Share This Page

Cranberry seeks respect from Internet sites, phone company

| Saturday, Feb. 15, 2014, 6:59 p.m.
Stephanie Strasburg | Tribune-Review
Peggy and Ray Wetzel pose for a portrait in their Fernway neighborhood in Cranberry Township on Wednesday, Feb. 12, 2014.
Stephanie Strasburg | Tribune-Review
Peggy and Ray Wetzel pose for a portrait in their Fernway neighborhood in Cranberry Township on Wednesday, Feb. 12, 2014.

Cranberry officials say the township just isn't getting any respect.

Facebook posts made in Cranberry on a smartphone tag the location as “near Fernway.”

Some of Verizon's cell phone exchanges for Cranberry are listed as “Crider's Corners.”

Type Cranberry Township into Mapquest, it will send you to a similarly named community in Venango County. Clicking on the alternate selection takes you to Fernway and Crider's Corners in Butler County.

“We want people to understand they're in Cranberry,” said Ron Henshaw, Cranberry's director of community development. “We've gone to Google and whomever to try to correct that, but so far, Google has been reluctant to change that.”

A Google spokeswoman said the company is researching the issue.

Representatives from Facebook did not return phone and e-mail messages.

Verizon spokeswoman Laura Merritt said that whatever name's assigned to a cell tower a phone latches onto to make or receive a call is the name displayed in billing details.

“We have a cell tower we refer to as “Crider's Corners” in the Cranberry Township area,” she said.

Fernway, according to the township's historical society, was the first housing development in the township, dating back to the late 1950s. Located in the southwestern portion of the township, homes there are built on concrete slabs on streets that include Robinhood Drive and Chadborne Court.

Fernway resident Ray Wetzel, who has lived on Sandalwood Drive since 1959, said he believes people used Fernway as a landmark because Cranberry was under the radar back then.

“I just think that it's the idea that nobody knew where Cranberry was,” Wetzel, 84, said, adding that most of the township was farmland.

For years, Cranberry had a Zelienople mailing address until it got its own postal designation and ZIP code in 1994.

According to the U.S. Census Bureau, Fernway is a “Census designated place,” meaning it has a concentrated population in a particular area, but is not an incorporated municipality.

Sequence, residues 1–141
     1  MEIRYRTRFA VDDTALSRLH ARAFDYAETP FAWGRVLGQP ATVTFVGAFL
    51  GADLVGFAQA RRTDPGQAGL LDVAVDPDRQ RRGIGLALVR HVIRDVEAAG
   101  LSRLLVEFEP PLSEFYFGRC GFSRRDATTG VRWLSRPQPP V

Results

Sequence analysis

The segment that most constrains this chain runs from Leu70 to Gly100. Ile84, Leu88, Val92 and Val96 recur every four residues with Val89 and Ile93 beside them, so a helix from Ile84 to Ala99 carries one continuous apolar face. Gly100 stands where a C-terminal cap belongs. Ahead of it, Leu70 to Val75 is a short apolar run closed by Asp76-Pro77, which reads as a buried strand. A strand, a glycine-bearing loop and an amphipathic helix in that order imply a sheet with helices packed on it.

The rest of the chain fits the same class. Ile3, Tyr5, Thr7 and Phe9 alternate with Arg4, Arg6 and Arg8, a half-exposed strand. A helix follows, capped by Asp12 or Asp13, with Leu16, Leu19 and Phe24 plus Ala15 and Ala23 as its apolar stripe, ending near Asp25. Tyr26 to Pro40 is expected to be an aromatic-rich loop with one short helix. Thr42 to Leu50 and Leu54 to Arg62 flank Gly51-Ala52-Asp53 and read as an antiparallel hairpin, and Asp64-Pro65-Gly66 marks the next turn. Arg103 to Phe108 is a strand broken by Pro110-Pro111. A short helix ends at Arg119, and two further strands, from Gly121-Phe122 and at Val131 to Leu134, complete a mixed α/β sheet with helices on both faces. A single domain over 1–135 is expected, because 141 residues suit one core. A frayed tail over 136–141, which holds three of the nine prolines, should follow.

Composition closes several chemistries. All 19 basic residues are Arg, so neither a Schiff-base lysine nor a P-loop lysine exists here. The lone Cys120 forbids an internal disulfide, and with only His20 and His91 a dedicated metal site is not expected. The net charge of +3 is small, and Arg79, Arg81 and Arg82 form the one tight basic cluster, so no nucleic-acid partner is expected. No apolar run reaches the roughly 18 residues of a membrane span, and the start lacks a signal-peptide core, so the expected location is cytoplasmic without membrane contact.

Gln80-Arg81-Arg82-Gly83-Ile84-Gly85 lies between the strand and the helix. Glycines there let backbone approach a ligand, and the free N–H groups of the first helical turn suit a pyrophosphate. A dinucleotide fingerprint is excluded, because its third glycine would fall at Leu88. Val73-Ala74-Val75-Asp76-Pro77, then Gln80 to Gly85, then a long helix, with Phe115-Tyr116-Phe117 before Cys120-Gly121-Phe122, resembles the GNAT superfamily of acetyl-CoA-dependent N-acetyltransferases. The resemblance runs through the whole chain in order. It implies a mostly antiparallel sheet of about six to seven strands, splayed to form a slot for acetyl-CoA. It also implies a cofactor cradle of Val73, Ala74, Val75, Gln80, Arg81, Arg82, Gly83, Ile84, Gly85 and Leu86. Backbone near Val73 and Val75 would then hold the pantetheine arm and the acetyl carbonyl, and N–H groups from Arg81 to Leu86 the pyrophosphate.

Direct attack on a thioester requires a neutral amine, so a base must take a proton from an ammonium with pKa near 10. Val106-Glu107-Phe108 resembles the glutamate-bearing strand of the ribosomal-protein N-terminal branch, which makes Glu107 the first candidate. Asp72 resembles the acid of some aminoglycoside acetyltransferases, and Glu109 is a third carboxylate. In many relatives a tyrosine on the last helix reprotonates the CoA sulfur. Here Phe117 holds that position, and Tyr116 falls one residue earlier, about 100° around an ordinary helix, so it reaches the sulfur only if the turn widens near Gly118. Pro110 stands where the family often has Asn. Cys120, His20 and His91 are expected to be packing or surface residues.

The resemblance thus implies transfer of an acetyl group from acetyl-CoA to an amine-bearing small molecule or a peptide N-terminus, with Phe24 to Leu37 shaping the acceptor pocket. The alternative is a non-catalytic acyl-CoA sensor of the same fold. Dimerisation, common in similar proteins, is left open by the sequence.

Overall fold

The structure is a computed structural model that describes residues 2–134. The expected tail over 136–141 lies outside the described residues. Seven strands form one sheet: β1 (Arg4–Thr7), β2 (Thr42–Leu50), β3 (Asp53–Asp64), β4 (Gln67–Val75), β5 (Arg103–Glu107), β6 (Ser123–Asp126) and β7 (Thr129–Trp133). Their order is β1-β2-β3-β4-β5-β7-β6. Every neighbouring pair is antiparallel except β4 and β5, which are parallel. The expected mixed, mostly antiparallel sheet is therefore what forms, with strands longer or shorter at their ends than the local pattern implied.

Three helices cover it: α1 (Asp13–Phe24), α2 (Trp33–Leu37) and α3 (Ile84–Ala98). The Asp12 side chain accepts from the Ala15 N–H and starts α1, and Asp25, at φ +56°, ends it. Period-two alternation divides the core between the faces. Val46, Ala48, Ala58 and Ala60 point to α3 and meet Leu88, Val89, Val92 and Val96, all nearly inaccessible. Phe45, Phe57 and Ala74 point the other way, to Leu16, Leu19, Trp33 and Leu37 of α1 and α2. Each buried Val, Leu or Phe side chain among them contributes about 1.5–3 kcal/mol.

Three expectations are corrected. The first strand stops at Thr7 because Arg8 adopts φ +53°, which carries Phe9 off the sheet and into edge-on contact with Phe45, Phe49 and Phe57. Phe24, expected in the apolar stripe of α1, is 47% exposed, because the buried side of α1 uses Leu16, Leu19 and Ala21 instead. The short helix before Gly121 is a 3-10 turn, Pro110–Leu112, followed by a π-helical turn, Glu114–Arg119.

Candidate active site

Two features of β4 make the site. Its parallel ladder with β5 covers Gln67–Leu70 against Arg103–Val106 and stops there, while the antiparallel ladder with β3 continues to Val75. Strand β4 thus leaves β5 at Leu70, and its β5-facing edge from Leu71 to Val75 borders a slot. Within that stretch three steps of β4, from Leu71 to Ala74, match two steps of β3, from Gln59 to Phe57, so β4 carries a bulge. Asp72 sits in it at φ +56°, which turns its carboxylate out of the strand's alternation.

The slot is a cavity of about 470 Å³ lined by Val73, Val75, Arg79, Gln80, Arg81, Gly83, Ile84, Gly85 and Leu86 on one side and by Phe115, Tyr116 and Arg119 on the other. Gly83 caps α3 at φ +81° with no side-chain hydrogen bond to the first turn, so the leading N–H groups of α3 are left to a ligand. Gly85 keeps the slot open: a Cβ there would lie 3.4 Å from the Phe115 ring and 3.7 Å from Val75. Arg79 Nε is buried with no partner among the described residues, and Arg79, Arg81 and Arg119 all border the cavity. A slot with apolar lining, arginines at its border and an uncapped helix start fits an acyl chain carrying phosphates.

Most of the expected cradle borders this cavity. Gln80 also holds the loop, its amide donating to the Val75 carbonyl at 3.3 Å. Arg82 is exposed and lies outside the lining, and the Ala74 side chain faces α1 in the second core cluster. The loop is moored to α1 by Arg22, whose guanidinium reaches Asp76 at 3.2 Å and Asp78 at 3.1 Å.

According to the latest Census figures, Fernway had a population of 12,414 people living in 4,737 homes. Henshaw disagreed with those numbers, pointing out that Fernway is a small part of the township, which has a population of nearly 29,000 residents.

He estimates the number of residences in Fernway at 200 to 300.

Crider's Corners is described by Cranberry's historical society as the township's business district and main intersection, located at Dutilh Road (old Perry Highway) and old Mars/Freedom Road next to present-day Route 228.

“I just think that some of the local designations have hung on for different reasons,” Henshaw said. “Even back to 20 years ago, so many people would say the housing development they lived in, instead of saying Cranberry Township.

“We're creating a stronger knit community, with more interconnection, more involvement and people are saying they're from Cranberry Township instead of the housing development.”

Bill Vidonic is a staff writer for Trib Total Media. He can be reached at 412-380-5621 or bvidonic@tribweb.com.

TribLIVE commenting policy

You are solely responsible for your comments and by using TribLive.com you agree to our Terms of Service.

We moderate comments. Our goal is to provide substantive commentary for a general readership. By screening submissions, we provide a space where readers can share intelligent and informed commentary that enhances the quality of our news and information.

While most comments will be posted if they are on-topic and not abusive, moderating decisions are subjective. We will make them as carefully and consistently as we can. Because of the volume of reader comments, we cannot review individual moderation decisions with readers.

We value thoughtful comments representing a range of views that make their point quickly and politely. We make an effort to protect discussions from repeated comments either by the same reader or different readers

We follow the same standards for taste as the daily newspaper. A few things we won't tolerate: personal attacks, obscenity, vulgarity, profanity (including expletives and letters followed by dashes), commercial promotion, impersonations, incoherence, proselytizing and SHOUTING. Don't include URLs to Web sites.

We do not edit comments. They are either approved or deleted. We reserve the right to edit a comment that is quoted or excerpted in an article. In this case, we may fix spelling and punctuation.

We welcome strong opinions and criticism of our work, but we don't want comments to become bogged down with discussions of our policies and we will moderate accordingly.

We appreciate it when readers and people quoted in articles or blog posts point out errors of fact or emphasis and will investigate all assertions. But these suggestions should be sent via e-mail. To avoid distracting other readers, we won't publish comments that suggest a correction. Instead, corrections will be made in a blog post or in an article.